By Idalmi Acosta
We just finished celebrating Hispanic Heritage month, in honor of which the White House released a statement saying that “we celebrate the accomplishments of Hispanic Americans who have helped shape our great Nation. We are grateful for the many contributions Hispanic American men and women make to our society and the vibrancy they weave into our American culture.” This is a great sentiment and it would be especially powerful if it were accompanied by action.
As an ELA teacher in a public school in Indianapolis, I daily deal with the fact that many of my students from Mexico or from central or South America don’t feel welcomed in our country. Now, with DACA under threat, they fear that their families are going to be separated, that their older siblings, cousins, aunts and uncles, and friends will be sent back to Mexico and they won’t be able to see them for a long time or ever again.
The DACA program has given the opportunity to over 800,000 Latinos who came here as children without documentation to go to school and get a job legally. You wouldn’t blame a parent for doing everything they can to provide their child a safer and better life, and DACA recipients are not to blame for their current citizen status. Our Founding Fathers believed in the pursuit of happiness and yet we are denying that chance to thousands of people.
Every time the topic of immigration comes up, my classroom tenses as students talk about how they are hated or unwanted. There’s fear and uncertainty in their eyes and the hopelessness I feel is only matched by my outrage. Diana, who is one of my 8th graders and whose stepbrother is a DACA recipient, told me: “I’m very sad that DACA might end because if my stepbrother gets deported he will not be able to find a job in Mexico.” She talked about how her brother is worried about being sent back to a country where he doesn’t know anyone. He is afraid of starting over somewhere completely new.
As a teacher, my goal is to get my students to go to college so they can help their families and change their communities and the world. We talk about the issues that affect them and my answer to them is that they are the solution to these problems. I want them to realize they are our future and our hope as a society. For my students who are undocumented, programs like DACA are their hope for a brighter future. These children have grown up here and call the United States home. All they want is to stop living in fear and pursue the American dream.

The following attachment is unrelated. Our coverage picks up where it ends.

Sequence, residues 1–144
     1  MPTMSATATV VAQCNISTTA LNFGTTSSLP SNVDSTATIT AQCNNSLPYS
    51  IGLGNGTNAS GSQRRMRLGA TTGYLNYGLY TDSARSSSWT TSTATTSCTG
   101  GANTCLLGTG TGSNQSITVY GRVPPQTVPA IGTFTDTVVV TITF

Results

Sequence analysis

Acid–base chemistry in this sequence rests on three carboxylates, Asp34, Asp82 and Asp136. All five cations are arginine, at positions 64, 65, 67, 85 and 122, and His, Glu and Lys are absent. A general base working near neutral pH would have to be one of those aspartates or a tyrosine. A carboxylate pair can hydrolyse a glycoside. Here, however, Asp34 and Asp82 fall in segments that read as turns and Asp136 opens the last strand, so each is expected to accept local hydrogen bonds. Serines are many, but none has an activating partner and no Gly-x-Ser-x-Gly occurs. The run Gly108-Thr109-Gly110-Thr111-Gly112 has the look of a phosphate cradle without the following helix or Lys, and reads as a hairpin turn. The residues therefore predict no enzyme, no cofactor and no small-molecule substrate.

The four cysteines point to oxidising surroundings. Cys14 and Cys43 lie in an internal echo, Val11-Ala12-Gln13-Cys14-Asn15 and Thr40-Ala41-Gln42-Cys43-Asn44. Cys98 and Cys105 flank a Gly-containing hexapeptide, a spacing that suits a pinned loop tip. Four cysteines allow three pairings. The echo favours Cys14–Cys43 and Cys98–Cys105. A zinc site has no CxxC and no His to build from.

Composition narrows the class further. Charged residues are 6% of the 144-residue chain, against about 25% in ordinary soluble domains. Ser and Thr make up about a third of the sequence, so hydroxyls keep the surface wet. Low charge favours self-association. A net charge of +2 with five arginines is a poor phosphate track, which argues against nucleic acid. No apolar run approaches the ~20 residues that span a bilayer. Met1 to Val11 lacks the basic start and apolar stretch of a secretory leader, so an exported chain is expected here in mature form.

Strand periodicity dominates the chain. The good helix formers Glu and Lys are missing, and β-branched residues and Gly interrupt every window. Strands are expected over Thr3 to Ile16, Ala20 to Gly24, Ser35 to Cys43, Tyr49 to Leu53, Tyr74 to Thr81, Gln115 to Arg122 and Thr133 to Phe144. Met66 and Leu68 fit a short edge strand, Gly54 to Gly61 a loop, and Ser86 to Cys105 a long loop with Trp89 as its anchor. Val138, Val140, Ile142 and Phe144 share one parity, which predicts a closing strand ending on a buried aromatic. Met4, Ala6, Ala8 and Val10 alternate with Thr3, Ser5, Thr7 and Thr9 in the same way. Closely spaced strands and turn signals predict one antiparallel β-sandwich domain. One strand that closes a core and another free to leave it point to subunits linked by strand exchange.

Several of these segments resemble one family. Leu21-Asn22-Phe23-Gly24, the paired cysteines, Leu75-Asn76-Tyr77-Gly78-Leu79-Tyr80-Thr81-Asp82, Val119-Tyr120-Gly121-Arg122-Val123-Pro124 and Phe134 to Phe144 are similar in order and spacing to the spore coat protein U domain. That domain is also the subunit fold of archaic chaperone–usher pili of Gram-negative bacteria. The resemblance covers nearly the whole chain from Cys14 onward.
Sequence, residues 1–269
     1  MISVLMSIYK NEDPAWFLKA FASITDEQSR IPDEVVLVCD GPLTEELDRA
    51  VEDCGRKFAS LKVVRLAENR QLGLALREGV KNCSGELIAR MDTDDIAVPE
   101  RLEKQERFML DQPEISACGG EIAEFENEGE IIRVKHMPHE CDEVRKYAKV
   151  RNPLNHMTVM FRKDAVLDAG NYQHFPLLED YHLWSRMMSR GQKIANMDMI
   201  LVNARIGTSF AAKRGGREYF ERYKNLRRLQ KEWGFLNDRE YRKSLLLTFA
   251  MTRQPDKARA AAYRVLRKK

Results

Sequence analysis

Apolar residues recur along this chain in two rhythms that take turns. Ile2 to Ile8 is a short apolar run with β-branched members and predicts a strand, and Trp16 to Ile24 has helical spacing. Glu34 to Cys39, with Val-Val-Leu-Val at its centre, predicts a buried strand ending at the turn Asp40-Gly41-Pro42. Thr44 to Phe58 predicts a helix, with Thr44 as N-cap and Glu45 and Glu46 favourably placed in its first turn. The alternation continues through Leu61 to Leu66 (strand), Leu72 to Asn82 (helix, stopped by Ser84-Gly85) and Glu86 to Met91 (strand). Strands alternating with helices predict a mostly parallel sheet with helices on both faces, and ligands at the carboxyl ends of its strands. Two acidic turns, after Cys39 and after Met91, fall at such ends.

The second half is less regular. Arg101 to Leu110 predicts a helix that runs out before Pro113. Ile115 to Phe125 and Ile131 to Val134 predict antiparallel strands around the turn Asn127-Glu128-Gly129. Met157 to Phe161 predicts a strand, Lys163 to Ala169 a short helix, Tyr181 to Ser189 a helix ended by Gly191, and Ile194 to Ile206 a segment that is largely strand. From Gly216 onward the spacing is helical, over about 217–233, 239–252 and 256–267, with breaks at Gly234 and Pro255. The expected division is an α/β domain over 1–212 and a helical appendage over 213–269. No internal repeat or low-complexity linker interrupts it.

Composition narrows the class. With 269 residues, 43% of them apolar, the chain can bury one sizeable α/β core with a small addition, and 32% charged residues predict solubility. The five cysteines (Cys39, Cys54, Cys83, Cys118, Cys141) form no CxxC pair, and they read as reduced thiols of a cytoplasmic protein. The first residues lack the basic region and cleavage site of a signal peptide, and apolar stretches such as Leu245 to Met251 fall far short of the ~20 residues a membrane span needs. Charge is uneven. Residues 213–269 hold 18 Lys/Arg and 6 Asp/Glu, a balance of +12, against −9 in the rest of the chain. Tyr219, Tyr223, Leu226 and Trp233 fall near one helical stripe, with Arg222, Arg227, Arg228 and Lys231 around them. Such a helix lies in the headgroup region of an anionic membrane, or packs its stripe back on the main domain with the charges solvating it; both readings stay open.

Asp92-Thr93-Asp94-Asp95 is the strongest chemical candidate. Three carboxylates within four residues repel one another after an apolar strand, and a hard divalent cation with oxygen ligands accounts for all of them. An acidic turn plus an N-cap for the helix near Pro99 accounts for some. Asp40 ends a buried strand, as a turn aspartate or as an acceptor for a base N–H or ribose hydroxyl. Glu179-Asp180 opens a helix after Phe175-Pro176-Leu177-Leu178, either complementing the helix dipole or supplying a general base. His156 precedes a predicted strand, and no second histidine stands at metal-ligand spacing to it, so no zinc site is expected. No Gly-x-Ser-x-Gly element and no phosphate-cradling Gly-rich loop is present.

If we truly want to recognize the contributions of Latinos in our country, then let’s make sure they can continue to contribute. Among the hundreds of thousands of Latino professionals who enrich us with their skills, knowledge, and empathy are also tens of thousands of teachers who are DACA recipients. Many of these teachers are bilingual, a discipline that is particularly hard to staff at a time when there are more and more bilingual students in our nation’s classroom. Ending DACA will remove these teachers from the classroom and will do irreparable damage to their students.
Let’s celebrate Hispanic heritage by recognizing the meaningful cultural, economic, and social contributions of Latinos. But let’s also celebrate it by reaching out to our congressmen and letting them know that DACA needs to continue so that Latino children have the opportunity to pursue the American dream.
Idalmi Acosta teaches 8th grade ELA at Harshman Magnet Middle School in Indianapolis. She is a Teach Plus Indianapolis Teaching Policy Fellow.